The Plaintiff’s mother was injured in a motor vehicle accident in New South Wales whilst in her final term of her pregnancy with the Plaintiff. The driver of the other motor vehicle involved in the accident admitted fault but denied that the accident caused the Plaintiff’s brain damage.

The Plaintiff’s mother was taken to hospital where she alleges that the hospital failed to properly monitor her son’s condition (as a foetus), as a result of which he suffered hypoxia leading to brain damage.

A major challenge for all parties in this case was the determination of the cause of the Plaintiff’s brain injury i.e was it caused by trauma from the motor vehicle accident or hypoxia prior to delivery at the hospital, or a combination of both.

The Plaintiff commenced proceedings against the driver of the other motor vehicle in the District Court of New South Wales. The Plaintiff later commenced separate proceedings against the Hunter New England Local Health District in the NSW Supreme Court. The proceedings were combined, and the matter came to his Honour Ierace J following a settlement reached between all parties. The single issue in both proceedings was causation which was described by his as “very much a live issue”.

The Plaintiff (in the motor vehicle proceedings) alleged that he suffered mild physical and developmental issues because of the accident which would lead to future serial or long-term unemployment. As against the hospital, the Plaintiff alleged that the hospital was negligent in the care it provided on and shortly after the mother’s arrival, in not properly monitoring the condition of the foetus. Later in the same day, the plaintiff was delivered via a caesarean section and suffered a degree of hypoxia prior to delivery.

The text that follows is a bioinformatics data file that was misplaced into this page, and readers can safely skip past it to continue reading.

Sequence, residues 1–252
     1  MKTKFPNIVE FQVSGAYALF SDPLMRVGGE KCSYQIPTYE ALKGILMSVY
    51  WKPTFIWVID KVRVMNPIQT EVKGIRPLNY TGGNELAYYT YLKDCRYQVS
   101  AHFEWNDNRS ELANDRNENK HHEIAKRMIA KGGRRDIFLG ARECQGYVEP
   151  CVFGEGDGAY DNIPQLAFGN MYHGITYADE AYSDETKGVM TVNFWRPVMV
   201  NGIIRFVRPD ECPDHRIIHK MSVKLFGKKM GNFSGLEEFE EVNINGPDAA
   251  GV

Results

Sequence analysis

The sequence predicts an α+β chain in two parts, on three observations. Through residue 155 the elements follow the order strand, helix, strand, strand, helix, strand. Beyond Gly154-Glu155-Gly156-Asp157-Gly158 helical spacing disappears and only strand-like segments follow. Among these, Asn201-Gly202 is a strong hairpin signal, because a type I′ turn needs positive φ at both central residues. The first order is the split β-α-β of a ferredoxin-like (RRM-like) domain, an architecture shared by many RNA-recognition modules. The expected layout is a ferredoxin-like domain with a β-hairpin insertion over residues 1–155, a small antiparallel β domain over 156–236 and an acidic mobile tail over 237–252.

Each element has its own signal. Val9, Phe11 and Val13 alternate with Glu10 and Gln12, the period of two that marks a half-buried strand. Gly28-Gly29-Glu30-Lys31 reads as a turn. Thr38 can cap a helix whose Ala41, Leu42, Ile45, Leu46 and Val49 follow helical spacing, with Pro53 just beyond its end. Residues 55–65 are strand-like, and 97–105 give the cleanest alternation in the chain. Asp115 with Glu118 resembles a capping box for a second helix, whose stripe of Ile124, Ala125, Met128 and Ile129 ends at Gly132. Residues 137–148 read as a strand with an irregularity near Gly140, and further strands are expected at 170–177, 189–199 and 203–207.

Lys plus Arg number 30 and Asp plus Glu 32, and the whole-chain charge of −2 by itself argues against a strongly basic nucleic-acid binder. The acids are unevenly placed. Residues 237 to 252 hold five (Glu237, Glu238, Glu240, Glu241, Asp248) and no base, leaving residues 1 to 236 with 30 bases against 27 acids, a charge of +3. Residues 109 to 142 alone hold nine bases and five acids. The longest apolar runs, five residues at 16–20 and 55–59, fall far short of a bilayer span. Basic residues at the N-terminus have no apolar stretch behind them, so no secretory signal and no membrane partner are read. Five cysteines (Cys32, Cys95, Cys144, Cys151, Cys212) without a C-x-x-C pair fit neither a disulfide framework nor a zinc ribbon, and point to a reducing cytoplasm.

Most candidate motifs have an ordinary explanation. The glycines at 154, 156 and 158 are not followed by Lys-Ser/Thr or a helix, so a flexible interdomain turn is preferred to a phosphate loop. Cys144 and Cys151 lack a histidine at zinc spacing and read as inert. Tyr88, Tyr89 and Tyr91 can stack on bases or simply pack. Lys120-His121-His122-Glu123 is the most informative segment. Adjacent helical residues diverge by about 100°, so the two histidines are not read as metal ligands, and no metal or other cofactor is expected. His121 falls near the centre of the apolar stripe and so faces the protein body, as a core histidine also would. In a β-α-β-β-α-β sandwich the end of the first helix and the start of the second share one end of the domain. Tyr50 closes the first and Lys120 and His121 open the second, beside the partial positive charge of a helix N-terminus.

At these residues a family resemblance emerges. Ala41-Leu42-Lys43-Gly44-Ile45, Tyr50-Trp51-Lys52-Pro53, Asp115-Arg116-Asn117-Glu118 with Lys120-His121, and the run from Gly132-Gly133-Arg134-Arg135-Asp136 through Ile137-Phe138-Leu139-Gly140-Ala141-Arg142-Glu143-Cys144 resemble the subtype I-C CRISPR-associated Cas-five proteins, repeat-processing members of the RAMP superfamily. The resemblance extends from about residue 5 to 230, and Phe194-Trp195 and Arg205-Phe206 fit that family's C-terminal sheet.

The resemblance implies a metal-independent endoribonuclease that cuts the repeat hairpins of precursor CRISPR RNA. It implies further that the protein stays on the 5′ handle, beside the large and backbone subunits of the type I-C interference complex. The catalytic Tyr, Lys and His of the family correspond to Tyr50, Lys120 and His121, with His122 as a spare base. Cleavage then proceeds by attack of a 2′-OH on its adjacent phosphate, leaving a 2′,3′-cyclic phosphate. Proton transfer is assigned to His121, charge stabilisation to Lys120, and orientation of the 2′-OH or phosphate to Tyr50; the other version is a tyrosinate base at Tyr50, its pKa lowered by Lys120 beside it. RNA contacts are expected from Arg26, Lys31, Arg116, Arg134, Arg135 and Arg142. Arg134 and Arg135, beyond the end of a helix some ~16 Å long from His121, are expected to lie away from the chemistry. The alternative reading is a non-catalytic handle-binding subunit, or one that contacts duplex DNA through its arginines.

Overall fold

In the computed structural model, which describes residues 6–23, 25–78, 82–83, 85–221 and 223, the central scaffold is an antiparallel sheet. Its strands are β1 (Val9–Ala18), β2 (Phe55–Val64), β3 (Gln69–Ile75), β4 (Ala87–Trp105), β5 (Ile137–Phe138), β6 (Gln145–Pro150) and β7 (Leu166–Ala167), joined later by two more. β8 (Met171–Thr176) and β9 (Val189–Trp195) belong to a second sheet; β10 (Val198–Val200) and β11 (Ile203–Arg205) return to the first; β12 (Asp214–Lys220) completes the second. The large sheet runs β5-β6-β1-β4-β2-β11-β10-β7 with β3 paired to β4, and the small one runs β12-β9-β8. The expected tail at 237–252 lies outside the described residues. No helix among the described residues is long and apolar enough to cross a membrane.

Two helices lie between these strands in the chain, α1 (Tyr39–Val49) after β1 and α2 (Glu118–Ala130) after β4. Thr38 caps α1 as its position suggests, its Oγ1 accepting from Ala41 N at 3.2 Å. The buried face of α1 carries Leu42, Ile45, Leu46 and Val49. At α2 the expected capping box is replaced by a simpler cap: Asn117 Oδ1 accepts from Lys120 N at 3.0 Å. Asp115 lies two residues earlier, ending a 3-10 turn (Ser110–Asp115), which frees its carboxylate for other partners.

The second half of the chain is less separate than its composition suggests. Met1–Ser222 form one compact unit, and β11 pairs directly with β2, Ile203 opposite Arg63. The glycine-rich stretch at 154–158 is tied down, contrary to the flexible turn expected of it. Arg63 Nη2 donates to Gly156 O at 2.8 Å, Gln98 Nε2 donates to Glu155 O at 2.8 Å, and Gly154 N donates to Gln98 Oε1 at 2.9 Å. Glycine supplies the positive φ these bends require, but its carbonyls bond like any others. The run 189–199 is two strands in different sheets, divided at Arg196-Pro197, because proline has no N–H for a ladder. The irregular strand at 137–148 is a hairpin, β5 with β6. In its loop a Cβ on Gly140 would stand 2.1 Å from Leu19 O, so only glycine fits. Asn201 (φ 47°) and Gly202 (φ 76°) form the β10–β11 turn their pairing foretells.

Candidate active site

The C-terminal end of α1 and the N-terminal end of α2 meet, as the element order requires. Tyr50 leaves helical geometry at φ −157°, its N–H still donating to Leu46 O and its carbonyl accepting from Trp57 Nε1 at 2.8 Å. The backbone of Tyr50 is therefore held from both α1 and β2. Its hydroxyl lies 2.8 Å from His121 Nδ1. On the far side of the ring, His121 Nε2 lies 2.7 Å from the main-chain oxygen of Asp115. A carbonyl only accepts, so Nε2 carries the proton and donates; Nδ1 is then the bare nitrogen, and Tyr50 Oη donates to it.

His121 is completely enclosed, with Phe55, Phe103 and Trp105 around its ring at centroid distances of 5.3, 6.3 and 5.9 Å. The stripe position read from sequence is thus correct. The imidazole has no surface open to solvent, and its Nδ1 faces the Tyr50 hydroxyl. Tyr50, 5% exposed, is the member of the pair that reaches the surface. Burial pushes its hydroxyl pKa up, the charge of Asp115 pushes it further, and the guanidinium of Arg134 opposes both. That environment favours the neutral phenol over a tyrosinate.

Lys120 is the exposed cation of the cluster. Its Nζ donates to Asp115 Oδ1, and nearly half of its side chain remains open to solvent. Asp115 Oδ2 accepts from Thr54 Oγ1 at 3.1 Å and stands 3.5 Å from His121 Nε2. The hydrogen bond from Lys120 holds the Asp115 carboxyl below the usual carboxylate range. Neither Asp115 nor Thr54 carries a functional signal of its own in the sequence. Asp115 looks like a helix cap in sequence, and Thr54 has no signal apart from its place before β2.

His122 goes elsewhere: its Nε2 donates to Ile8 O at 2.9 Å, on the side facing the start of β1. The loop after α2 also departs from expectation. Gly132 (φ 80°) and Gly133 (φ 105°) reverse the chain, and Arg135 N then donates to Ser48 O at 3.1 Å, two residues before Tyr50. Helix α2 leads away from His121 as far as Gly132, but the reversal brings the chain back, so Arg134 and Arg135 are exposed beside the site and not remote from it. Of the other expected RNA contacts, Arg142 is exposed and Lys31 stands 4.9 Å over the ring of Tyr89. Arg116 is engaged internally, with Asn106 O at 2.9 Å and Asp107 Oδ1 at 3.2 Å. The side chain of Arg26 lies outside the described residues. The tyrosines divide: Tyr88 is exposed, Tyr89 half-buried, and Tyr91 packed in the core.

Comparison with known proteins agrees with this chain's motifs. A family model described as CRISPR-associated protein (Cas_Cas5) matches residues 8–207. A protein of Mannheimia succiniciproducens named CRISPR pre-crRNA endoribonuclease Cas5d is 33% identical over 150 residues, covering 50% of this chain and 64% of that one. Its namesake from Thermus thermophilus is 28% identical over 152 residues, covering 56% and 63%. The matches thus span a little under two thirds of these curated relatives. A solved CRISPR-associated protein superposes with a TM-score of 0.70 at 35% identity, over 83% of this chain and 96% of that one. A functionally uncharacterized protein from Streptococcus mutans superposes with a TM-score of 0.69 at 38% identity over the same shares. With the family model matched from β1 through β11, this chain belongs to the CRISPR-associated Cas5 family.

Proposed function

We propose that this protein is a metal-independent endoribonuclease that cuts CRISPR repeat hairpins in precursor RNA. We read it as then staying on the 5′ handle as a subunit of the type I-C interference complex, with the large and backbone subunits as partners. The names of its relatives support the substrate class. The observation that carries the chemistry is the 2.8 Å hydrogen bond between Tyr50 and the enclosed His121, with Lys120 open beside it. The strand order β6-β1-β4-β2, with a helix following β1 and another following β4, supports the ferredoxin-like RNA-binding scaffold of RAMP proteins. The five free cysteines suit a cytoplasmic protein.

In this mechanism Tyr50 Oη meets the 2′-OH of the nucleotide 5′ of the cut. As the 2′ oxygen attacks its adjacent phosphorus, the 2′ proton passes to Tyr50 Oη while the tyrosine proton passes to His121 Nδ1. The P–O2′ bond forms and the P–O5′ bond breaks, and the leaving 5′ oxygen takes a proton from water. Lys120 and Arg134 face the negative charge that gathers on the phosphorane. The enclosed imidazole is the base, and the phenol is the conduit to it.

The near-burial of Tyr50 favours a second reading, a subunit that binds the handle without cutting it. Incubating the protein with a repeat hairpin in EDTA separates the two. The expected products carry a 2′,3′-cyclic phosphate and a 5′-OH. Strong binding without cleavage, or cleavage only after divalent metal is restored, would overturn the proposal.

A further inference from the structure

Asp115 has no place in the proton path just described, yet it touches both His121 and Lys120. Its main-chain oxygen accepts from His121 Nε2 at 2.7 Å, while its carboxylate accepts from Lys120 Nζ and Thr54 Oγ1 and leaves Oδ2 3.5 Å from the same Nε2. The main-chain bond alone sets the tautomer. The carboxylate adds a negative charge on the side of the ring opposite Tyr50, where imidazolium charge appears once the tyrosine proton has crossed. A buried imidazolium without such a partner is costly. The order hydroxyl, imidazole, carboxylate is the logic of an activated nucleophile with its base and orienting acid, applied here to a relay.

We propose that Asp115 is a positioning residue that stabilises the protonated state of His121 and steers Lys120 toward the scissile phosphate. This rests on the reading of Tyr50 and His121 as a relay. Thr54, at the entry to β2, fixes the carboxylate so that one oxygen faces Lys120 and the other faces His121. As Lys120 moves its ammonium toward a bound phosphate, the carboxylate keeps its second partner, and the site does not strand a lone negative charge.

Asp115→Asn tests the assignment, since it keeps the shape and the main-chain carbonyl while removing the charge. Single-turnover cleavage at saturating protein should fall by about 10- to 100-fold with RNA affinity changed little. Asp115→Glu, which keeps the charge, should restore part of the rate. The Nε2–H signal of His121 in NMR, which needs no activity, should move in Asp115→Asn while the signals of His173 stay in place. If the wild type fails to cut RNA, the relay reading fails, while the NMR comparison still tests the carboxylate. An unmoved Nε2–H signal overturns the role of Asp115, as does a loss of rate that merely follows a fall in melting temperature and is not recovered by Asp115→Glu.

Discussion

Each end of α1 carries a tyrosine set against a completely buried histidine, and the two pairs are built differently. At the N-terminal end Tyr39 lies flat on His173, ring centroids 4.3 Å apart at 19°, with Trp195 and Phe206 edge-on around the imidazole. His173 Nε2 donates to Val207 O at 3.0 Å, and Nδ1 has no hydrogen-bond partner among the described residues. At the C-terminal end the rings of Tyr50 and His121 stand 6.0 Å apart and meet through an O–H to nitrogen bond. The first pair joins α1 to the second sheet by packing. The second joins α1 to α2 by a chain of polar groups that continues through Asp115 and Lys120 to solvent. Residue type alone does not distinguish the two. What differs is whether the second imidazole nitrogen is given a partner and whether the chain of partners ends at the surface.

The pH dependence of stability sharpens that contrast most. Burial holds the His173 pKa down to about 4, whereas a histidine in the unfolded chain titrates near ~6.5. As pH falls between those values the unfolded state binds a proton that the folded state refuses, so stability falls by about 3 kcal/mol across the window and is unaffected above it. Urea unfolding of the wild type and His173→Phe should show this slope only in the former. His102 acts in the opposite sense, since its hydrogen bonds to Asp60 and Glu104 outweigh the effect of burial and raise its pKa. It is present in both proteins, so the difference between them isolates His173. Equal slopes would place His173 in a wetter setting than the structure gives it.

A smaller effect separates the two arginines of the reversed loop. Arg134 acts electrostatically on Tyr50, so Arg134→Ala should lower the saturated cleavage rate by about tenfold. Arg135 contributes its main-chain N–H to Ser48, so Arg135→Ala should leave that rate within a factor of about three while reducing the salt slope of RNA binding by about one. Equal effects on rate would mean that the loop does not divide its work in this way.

Ultimately, the New South Wales Supreme Court exercised it protective jurisdiction to approve settlement of the claim in the amount of $3,300,000. See Wells bht McGuffog v Grahaml Wells bht McGuffog v Hunter New England Local Health District [2020] NSWSC 965.

This case, although not new or novel to the law, shows the importance of the court’s power to grant approval for settlements reached on behalf of people under legal disabilities. His Honour adopted the approach set out in the case of Permanent Trustee Co Ltd v Mills (2007) 71 NSWLR 1; [2007] NSWSC 336, in which Hammerschlag J observed that the principle for the court to grant approval for a compromise to be entered into by the disabled person must be from the view that it is beneficial to his or her interests. It was taken into account the possibility that an award of damages at the conclusion of a full hearing may deliver a greater quantum of damages than the proposed settlement amounts but ultimately with the confidential advice from the plaintiffs’ counsel and the affidavits of the instructing solicitor and mother, the court was satisfied that the settlements were in the best interests of the plaintiff.

Ordinarily, on approval of such matters, the Court will make orders for the settlement money to be paid into Court and then paid out to a trustee so that the money can be managed for the benefit of the Plaintiff. That process is designed to protect the plaintiff from depleting the money, particularly when the plaintiff may lack the financial skills necessary to manage such a large sum of money. In the case of large awards of money, the trustee will usually seek advice from an independent financial advisor to determine how best to use the plaintiff’s money for his or her benefit.

For more information about that process and the high standard of care that must be afforded to a plaintiff by such advisors, see the decision of the Queensland Court of Appeal of HAP2 Pty Ltd v Bankier [2020] QCA 152 in which the injured person sought advice from a financial planner following receipt of an approved settlement of $2million. In that case, the financial manager failed to advise the injured person about the risks of spending her aware of damages, such that those damages were depleted well before they ought to have been.